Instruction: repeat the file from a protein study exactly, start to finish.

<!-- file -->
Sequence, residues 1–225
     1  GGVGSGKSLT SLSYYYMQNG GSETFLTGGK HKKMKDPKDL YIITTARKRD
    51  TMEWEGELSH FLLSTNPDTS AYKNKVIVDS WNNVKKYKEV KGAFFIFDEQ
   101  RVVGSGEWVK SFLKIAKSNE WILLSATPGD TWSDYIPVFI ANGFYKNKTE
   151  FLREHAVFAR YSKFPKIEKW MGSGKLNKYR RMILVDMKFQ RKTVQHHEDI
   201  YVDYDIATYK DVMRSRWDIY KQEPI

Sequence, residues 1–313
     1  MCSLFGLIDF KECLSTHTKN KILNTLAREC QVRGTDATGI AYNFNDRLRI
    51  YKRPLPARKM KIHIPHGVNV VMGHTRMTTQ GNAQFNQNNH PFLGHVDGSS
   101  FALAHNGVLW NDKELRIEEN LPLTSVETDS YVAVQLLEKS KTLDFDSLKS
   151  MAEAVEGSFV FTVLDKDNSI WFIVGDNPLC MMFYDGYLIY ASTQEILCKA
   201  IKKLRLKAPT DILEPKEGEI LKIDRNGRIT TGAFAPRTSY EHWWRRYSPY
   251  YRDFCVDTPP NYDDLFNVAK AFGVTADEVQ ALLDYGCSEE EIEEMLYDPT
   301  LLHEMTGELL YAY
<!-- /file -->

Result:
Sequence, residues 1–225
     1  GGVGSGKSLT SLSYYYMQNG GSETFLTGGK HKKMKDPKDL YIITTARKRD
    51  TMEWEGELSH FLLSTNPDTS AYKNKVIVDS WNNVKKYKEV KGAFFIFDEQ
   101  RVVGSGEWVK SFLKIAKSNE WILLSATPGD TWSDYIPVFI ANGFYKNKTE
   151  FLREHAVFAR YSKFPKIEKW MGSGKLNKYR RMILVDMKFQ RKTVQHHEDI
   201  YVDYDIATYK DVMRSRWDIY KQEPI

Sequence, residues 1–313
     1  MCSLFGLIDF KECLSTHTKN KILNTLAREC QVRGTDATGI AYNFNDRLRI
    51  YKRPLPARKM KIHIPHGVNV VMGHTRMTTQ GNAQFNQNNH PFLGHVDGSS
   101  FALAHNGVLW NDKELRIEEN LPLTSVETDS YVAVQLLEKS KTLDFDSLKS
   151  MAEAVEGSFV FTVLDKDNSI WFIVGDNPLC MMFYDGYLIY ASTQEILCKA
   201  IKKLRLKAPT DILEPKEGEI LKIDRNGRIT TGAFAPRTSY EHWWRRYSPY
   251  YRDFCVDTPP NYDDLFNVAK AFGVTADEVQ ALLDYGCSEE EIEEMLYDPT
   301  LLHEMTGELL YAY